I don’t often look back over my life with regret because I believe everything that happens does so for a reason. As unpleasant or confusing as it may be in the moment, time has a way of shedding clarity on the most challenging of experiences. That’s also been true for my career.
While the path to my current business as a career and business consultant was a circuitous one, in hindsight I believe I may have landed here sooner if I had heeded the lesson I’m sharing with you today.
Since most careers originate in college, I would have told myself:
My parents were born into the Great Depression, were teens during World War II, and lived a slightly nomadic lifestyle due to my father’s military career. So the message I received, from my mother in particular, was to seek “security,” either in the arms of a husband or in the confines of a good company.
Focusing on the latter, like a dutiful daughter I spent my entire college career seeking an education that would lead to gainful employment, instead of seeking a clear understanding of who I was — or even my own interests. I also spent several years floundering, changing majors, and became completely frustrated by the entire experience.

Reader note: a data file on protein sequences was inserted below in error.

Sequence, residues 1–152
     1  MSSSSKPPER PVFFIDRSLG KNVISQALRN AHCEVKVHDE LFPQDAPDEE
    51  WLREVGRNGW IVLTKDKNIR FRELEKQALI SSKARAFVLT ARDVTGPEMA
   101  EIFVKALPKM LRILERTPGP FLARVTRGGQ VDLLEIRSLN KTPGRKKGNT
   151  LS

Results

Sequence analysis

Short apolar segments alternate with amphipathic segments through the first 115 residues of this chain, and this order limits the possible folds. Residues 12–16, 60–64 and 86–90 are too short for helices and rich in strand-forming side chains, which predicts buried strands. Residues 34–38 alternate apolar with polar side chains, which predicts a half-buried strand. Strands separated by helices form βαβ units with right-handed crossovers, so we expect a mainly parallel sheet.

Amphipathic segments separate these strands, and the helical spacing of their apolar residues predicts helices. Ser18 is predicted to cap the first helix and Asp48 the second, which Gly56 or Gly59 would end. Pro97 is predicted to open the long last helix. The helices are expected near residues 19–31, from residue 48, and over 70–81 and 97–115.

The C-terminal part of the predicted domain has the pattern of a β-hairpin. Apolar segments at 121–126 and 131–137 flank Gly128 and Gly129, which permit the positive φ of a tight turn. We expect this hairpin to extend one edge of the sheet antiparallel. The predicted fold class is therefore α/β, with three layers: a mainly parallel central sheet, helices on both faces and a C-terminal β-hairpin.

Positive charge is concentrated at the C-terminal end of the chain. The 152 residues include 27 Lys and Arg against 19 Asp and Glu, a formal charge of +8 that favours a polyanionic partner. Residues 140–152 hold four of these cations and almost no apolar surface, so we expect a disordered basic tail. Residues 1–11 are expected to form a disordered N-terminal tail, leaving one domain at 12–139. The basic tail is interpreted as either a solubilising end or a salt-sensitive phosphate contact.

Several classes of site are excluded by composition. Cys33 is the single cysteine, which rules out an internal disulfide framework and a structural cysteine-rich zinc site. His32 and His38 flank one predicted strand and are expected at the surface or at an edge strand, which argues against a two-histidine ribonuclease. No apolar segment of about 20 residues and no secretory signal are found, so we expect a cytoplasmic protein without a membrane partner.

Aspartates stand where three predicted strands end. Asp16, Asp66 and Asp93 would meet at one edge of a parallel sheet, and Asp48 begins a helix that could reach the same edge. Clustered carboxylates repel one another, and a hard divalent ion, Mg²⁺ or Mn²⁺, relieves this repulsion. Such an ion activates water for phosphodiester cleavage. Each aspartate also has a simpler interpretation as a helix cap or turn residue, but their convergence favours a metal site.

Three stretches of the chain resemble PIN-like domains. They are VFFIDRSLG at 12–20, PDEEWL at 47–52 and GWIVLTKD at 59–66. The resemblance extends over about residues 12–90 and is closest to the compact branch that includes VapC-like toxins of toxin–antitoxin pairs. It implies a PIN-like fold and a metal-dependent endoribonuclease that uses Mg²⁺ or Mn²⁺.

From a developmental standpoint, experts agree that one of the most dynamic periods of psychological growth occurs during the college years. It’s during those critical years that we learn to integrate our identity, enhance our intellectual development, and internalize our own personal set of beliefs and values.
In addition, new students are tasked with navigating a new environment, finding a new social circle, developing autonomy, as well as the added pressure of declaring their chosen career for the rest of their lives.
It’s just a bit too much to put on such young undeveloped shoulders.
When I look back over my college years, I wish I’d taken advantage of the variety of courses offered to expand my knowledge, fuel my curiosity, and hone in on my inherent skills, gifts, talents, and abilities. I would have also studied abroad to learn more about other cultures, economies, and history. And my engagement in campus activities would have been far more robust, allowing me to absorb other perspectives and viewpoints.
By removing the pressure of finding a job, I would have been open to learning where best to apply my “superpowers.” By taking a “purpose-driven” approach, as opposed to a career-focused one, I most likely would have landed a bit closer to my life’s work, instead of doing so almost 30 years later.
As I noted previously, I don’t regret my path because it’s enabled me to share my insights with my own college-age children. By helping them tap into their values, passions, interests, and personality, the lessons they learn at the end of each semester are as significant as the book knowledge they’ve acquired.
They’re also uniquely positioned to make career choices that will showcase their strengths, and that they will ultimately love.
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